Wednesday, March 15, 2006

Getting Things Done Without Bullets

I made time recently to read two really great books: Execution: The Discipline of Getting Things Done and Beyond Bullet Points.

The first book, Execution, was given to my entire team at work by my Director. The underlying message I walked away with, which I completely buy into, is that while vision, strategy, planning, <insert other business stuff here> is important, nothing is as critical as the ability to execute. Moreover, an individual or a team's ability to execute is often incredibly difficult to gauge, and is regularly overlooked. Often, when things go wrong, we point the finger at market conditions -- or anything else outside of our control -- but rarely identify execution as a culprit.

The book's authors walk through what makes, and how to build, a culture of execution. At a high level, I took quite a bit away from the read. But, I'll probably need to give it another go 5-7 years down the road. The last 2/3rds focuses largely on hiring and operating strategies for the highest levels of the world's largest organizations. I felt a little out of the loop, not having interviewed any candidates for CEO positions lately. My other big complaint was that many of the anecdotes, while interesting, won't be memorable due to the omission of company names. Unfortunate.

The second book, Beyond Bullets, was a really fun read. It's one of those books that people have been talking about for ages, and that I finally got around to diving into.

Basically, bullets are boring. Stop trying to pack information into Powerpoint presentations in the form of bullets. Use Powerpoint to tell a story instead. People like stories. In fact, the book is written largely in the form of a story, which made for a very quick, engaging read. Cliff, the author, has a blog. Very interesting stuff.

A great blog post on presentations I came across is over on IA THINK, written by one of my friend Jill's coworkers. Also highly recommend checking that one out - contains lots of good links.

I have a big presentation to give at work next Monday to a sizeable group of people I've never met who are older and more experienced than I, including Directors way high above me in the organization. I'm weary of taking the chance and ditching bullets for a story-driven slide deck, but am strongly considering it at this point.

In general, giving presentations to large groups of unfamiliar people isn't one of my strongest competencies (yet). Anyone have any advice/suggestions for me?

5 comments:

markjen said...

You'd better stick to bullet points for your presentation. If you try a story-driven deck, your audience probably won't understand it and they'll think you're a bad presenter.

Then again, if it were me, I'd do a story-driven deck :)

kraazyivan said...

In my experience no matter how cool it is, they will daydream until their part comes up. Oh wait, that's a meeting...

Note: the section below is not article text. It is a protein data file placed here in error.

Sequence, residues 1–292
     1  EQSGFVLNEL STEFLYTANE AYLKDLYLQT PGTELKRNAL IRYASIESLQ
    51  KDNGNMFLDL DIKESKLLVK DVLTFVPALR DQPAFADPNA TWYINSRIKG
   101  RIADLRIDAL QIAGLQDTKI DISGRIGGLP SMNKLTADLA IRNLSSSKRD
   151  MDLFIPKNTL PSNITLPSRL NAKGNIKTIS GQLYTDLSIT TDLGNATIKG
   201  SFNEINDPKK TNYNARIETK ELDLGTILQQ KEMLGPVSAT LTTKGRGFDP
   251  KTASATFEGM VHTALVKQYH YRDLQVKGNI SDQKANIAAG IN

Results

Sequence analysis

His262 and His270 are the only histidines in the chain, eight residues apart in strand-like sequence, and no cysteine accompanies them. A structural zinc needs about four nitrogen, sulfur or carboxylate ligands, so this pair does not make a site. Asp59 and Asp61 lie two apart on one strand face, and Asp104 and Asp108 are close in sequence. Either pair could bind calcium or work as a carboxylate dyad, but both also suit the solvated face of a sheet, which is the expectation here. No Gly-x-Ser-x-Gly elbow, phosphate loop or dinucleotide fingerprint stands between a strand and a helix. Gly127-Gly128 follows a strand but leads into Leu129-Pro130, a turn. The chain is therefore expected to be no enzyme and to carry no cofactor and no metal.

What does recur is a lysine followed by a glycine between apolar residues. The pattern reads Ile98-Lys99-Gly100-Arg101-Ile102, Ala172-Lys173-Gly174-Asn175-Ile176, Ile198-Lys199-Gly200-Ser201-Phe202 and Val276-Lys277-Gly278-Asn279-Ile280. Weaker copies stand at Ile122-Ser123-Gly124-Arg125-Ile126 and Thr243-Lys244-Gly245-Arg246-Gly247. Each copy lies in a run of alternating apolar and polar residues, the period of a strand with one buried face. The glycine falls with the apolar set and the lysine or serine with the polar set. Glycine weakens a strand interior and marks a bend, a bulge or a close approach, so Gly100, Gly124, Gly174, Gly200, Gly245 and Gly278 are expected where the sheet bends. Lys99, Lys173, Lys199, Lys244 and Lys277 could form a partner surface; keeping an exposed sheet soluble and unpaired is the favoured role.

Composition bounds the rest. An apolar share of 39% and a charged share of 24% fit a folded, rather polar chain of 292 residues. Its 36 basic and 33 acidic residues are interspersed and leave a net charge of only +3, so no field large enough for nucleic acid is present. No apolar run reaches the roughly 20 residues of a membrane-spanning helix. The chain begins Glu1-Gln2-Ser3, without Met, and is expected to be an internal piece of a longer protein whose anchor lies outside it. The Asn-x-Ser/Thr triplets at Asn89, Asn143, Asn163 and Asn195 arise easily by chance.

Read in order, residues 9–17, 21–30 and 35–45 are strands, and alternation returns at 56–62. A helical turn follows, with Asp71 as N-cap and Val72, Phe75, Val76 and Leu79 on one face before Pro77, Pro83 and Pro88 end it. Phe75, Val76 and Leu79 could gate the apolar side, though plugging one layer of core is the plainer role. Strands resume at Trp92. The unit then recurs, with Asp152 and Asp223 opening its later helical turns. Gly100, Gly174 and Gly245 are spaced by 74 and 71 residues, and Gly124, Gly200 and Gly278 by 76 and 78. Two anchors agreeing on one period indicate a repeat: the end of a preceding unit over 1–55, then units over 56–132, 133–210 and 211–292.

arvind s grover said...

Adam, I am definitely going to read Beyond Bullets, as I have been thinking about this a lot.

Edward Tufte's critique on PowerPoint is one you should take a look at. My review of Tufte and bullets and my thoughts on why lists don't work well.

adamjh said...

Hey Arvind, great blog! Thanks for the links.

The presentation I gave yesterday had no bullet points, and it went really really well. I completely relied on the power of the sentence, plus some helpful visuals to pique interest and add meaning (like showing a screenshot when talking about a UI).

I found that the biggest challenge was that afterwards, a few people asked for copies of the deck. While it's easy to grok information from a deck full of content in the form of bullets, it's a bit harder from a deck whose main purpose is to augment the speaker's sentences. I did throw some content into the Powerpoint Notes sections, but still.. not quite the same.

Anyhow, despite the last point, I'm totally sold on leaving bullet points in the dust whenever possible.

As for your thoughts on lists not working and Getting Things Done.. I started reading Getting Things Done, and actually put it down because I felt the proposed 'workflow' for getting things done was a bit too involved. It does, however, make some good points. I do use lists, and I find that prioritizing them helps tremendously. Perhaps at some point I should dedicate a post to my current system, and see what people think.

Anyhow, thanks for reading and for leaving your links here.

- Adam

arvind s grover said...

Adam, I am going to transition my current systems (whatever those are) to the Getting Things Done (GTD) method. One of the biggest things about GTD is that you have to have a system that accounts for everything you need to do. My current systems work well, I am more organized than many other people, but it does not necessarily give me the confidence I want in it. With GTD, you know nothing will be getting "lost" and you can focus on the work at hand.

For instance right now I use two products from 37signals, Basecamp, and Backpack. Both are great for managing list, projects and more. I also use Outlook tasks and calendar, plus paper lists, my work notebook and a personal notebook. I also use Protopage to post information that I might need between work, home, that doesn't fit in any of the previously mentioned categories. Then add iCal to that list, and you see the insanity. I mean I get all my stuff done, but i am ready to Get Things Done.

I will start blogging about this soon. Hopefully it goes well.

My first step was to empty my e-mail inbox with Merlin Mann's help. Inbox Zero is changing the way I work.